As anyone who has explored Mexico’s Yucatan Peninsula can attest, this region of the country is something special. Home to impressive Mayan ruins, powdery white sand beaches, clear turquoise waters, and so much more, it comes as no surprise that the Yucatan Peninsula is one of Mexico’s top tourist destinations. With so much to see, do, and experience, we pared down a guide to the region with some of its most remarkable stops along the way.

Explore the Ancient Ruins of Chichen Itza

Named a UNESCO World Heritage Site, the Mayan archaeological site Chichen Itza is one of the most popular sights in the Yucatan Peninsula. Considered one of the New Seven Wonders of the World, the ruins span 2.5 square miles. If you’re thinking of heading to this archaeological site during the fall or spring equinox, you can expect to see quite the phenomenon. During these points in the year, a shadow of what appears to be a serpent goes up and down the Pyramid of Kukulkán, due to the sun’s placement. Hordes of people gather during the fall and spring equinoxes to witness the serpent heading up and down the pyramid. If you can’t make it during the day, the illusion is recreated at night with a light show.

Comb Through the Calakmul Mayan Ruins

While other sites get more international attention, these “hidden” ruins are every bit as spectacular and provide the opportunity for a more intimate encounter with the Yucatan’s Mayan history. Located near the border with Guatemala in the state of Campeche, the site lacks the throngs of tourists so common at other destinations. Calakmul takes its name from a Mayan word meaning “City of Two Adjacent Pyramids,” and it dates to the Preclassic Period of Mesoamerican History.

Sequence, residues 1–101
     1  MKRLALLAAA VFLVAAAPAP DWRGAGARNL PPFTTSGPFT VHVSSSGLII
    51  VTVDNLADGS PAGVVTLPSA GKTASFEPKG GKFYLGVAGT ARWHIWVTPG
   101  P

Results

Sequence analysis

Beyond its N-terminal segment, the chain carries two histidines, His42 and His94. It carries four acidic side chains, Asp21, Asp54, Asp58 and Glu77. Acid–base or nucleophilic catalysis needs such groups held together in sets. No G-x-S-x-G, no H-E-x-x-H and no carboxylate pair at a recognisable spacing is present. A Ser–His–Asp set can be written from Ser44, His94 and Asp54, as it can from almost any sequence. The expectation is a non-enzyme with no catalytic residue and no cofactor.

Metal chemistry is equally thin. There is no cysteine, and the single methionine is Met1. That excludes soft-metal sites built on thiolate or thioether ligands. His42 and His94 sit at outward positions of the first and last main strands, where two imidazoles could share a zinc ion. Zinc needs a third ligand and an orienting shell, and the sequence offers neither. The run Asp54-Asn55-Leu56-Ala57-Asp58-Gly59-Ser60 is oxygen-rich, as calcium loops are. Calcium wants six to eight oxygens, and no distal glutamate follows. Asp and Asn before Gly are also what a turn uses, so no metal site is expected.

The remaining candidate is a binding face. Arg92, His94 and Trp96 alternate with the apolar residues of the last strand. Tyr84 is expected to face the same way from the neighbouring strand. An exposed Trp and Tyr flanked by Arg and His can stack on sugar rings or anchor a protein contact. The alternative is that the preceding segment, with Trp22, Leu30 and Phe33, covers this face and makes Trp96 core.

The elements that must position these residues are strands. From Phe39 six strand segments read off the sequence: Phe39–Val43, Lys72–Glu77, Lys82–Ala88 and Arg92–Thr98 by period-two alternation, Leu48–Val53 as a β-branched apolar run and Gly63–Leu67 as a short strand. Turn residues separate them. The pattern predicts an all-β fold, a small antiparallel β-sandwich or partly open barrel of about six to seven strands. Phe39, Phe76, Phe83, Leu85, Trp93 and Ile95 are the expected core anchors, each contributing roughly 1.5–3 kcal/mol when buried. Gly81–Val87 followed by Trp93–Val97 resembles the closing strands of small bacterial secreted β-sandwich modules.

The pyramids and other stone structures are surrounded by virgin jungle, making the site perfect for nature-lovers as well as history buffs. There are ninety-four species of mammals in the area, and if you’re lucky you might even spot an elusive jaguar. Be sure to bring a camera along to record any sudden sightings. Admission and tours are more reasonably priced than at the more popular archaeological sites, making Calakmul a budget-friendly option as well. Ascending the steps of the many ruins and beholding the surrounding jungle is an authentic Yucatan experience that you won’t soon forget.

Tour the Underwater MUSA Collection

Karla Munguia Colmenero / MUSA